Thinking ahead about inevitable snow

Well I have never ever shoveled a roof. Depends on the rafters though. Building codes spec a particular snow load for the area in question. I think the only reason some do it is because of ice dams but if you have insulation and have had a roof in the last 20 years it will have the required tar ice protection on the lower few feet. So just depends. Now a flat roof is something else again.

Yeah its snowing again. Another inch or two for the third time in the last week. Floods in spring. Good for farmers though.

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Depends if the roof rafters or trusses are on 16" or24" centers and if the roof deck is plywood or OSB.

As with ALL exercise. Especially if you’re not use to exercising. Unfortunately for many people the only exercise they get is shoveling when the snow falls. Shoveling is GOOD aerobic exercise. Just have to be careful and listen to your body.

Those small slow blowers are fine for the 1-2 inches of light snow. They can’t handle 5-10 inches of the wet heavy stuff. My 8hp Ariens has a tough time with 10" of the wet heavy stuff.


We have a single stage snow thrower and it does up to 8” according to the manufacturer. We haven’t had a snow where the blower didn’t work well yet. Since we live in Central MD big snows are very rare though not unheard of. About 10 years ago we had about 38” in three days during March. A nice fellow from the county came in and cleared the roads with a big front end loader. Of course the moron dumped all the snow on the sidewalks. Had he put it on the other side, no one would have had to remove the 10’ piles from the sidewalks to meet state laws concerning clear sidewalks.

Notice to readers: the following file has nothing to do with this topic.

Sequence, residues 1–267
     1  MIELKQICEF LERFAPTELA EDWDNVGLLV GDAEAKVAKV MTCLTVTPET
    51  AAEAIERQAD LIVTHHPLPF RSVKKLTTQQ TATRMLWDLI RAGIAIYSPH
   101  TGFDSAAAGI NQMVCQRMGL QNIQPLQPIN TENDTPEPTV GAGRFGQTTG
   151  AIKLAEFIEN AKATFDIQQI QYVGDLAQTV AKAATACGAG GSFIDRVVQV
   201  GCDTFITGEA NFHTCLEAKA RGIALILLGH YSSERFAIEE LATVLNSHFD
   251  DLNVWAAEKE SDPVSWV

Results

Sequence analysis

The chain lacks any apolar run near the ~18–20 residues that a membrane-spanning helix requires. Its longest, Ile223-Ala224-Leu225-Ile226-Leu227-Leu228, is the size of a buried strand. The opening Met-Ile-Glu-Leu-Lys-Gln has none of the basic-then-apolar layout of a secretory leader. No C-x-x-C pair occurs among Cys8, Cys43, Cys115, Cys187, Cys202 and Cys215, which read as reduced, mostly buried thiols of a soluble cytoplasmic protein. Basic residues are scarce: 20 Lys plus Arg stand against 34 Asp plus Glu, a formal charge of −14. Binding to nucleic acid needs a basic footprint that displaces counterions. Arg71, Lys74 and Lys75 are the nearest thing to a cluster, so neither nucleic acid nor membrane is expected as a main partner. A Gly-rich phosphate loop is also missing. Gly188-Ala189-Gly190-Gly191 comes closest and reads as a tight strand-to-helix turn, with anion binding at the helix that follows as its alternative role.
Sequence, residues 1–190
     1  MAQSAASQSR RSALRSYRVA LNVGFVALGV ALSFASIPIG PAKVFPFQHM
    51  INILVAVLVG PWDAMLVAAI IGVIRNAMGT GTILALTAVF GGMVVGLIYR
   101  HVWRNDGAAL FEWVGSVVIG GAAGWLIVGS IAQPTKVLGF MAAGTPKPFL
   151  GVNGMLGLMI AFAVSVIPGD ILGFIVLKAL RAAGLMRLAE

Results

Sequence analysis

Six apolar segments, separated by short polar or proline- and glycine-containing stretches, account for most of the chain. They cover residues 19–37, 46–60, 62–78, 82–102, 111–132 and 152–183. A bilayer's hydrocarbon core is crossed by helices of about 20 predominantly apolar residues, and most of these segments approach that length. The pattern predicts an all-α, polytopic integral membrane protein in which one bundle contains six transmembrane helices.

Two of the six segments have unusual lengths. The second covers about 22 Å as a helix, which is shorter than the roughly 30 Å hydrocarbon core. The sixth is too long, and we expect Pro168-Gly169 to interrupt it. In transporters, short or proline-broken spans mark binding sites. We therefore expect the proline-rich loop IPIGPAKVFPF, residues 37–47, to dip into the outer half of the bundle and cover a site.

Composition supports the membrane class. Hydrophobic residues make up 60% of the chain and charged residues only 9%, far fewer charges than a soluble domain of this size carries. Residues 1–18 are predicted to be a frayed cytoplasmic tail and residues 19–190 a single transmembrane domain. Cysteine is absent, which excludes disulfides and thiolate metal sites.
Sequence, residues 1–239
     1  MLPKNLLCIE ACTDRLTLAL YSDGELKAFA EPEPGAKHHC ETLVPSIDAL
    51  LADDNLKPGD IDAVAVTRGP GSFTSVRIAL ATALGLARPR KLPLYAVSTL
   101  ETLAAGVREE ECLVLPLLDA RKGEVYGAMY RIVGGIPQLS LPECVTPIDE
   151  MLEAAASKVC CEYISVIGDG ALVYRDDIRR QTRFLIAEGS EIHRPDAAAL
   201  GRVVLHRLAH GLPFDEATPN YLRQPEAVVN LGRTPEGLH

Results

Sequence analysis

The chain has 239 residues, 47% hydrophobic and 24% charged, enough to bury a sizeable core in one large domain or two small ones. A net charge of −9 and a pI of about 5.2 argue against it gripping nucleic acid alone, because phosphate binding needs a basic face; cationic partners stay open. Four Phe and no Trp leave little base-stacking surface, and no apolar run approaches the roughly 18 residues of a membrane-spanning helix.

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8" of wet heavy snow or the light fluffy stuff? Wet heavy snow can weigh up to 5 times the light fluffy stuff.


This always bothered me about how the weather people report snow depths. Some have since taken to including water content. 24" of light fluffy snow is much more tolerable than 12" of heavy wet snow. Depth means nothing without that bit of information.